Just beyond the end of the church, behind a large tree, is a collection of seventeenth century tombs. Two of these are rare Jacobean canopied tombs and if you look carefully at the underside of one of these canopies you will see a carved skull and cross bones. This gives rise to the tale of pirate's graves in Dyserth churchyard but the carving is rather a reminder of man's mortality, although generations of school children will tell you another story.
At the other end of the church, in a section of the churchyard to the left, you can see a large granite slab to the memory of Sir Geoffey Summers who owned the great steel works at Shotton and who gave Graig Fawr to the National Trust. There are many hundreds of graves dating from the seventeenth century to the present day. They encapsulate the history of Dyserth and a walk through them is a walk through history.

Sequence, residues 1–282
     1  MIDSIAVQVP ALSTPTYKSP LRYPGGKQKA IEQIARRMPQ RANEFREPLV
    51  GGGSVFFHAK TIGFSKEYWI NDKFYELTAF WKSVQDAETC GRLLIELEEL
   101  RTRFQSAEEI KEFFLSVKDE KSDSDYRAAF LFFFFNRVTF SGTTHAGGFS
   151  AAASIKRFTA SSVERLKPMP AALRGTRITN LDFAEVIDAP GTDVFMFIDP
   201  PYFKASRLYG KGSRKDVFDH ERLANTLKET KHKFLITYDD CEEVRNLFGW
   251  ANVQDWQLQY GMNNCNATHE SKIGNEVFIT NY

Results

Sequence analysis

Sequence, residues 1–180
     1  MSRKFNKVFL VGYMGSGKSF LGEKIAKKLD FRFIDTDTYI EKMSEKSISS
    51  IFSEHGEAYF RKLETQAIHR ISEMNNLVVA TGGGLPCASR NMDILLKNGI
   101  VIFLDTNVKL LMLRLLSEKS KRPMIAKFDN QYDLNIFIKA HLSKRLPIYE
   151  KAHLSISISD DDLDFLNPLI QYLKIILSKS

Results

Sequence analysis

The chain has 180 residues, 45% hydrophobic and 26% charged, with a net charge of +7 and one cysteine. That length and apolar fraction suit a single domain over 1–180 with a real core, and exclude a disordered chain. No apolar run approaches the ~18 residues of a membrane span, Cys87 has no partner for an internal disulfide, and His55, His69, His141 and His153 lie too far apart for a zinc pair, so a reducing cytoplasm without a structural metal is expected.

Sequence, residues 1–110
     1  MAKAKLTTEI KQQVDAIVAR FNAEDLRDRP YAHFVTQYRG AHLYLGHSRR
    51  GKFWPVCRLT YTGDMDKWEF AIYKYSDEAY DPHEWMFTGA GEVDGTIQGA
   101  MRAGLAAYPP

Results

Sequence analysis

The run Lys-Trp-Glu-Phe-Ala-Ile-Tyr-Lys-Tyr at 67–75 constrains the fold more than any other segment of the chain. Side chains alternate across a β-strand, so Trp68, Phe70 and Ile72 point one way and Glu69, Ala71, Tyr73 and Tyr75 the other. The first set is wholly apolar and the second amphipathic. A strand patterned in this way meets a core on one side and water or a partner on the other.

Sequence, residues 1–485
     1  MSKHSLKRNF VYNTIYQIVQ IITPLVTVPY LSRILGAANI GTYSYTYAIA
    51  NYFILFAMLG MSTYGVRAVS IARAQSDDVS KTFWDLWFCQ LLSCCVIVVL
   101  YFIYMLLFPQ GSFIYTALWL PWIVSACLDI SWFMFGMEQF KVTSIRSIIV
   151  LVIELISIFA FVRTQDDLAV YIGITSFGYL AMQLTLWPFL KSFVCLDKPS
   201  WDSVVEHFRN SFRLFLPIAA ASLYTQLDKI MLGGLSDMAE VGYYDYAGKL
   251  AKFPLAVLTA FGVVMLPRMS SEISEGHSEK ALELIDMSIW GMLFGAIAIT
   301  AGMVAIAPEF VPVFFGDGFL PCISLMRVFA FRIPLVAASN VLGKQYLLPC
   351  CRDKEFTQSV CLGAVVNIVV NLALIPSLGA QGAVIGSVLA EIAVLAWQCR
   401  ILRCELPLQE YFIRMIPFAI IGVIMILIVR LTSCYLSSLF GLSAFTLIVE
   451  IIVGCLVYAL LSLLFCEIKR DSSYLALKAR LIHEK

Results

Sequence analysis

The building at the other end of the churchyard was originally the first school in the village. It has had several other uses since then, including being a shop, a builder's store and a craft workshop. However, it has now been renovated and serves as the Church Hall.
Opposite the church on the other side of the road is a building now used as an inn - the New Inn. It was originally used by a religious foundation but the building has been much altered and adapted. If you look across the car park of the inn and across the stream you will see a large building, This was originally the Bishop's Palace. It then became the Vicarage and is now an Old Folk's Home, having been somewhat extended.
Some of these photographs have been used with the kind permission of Peter Robinson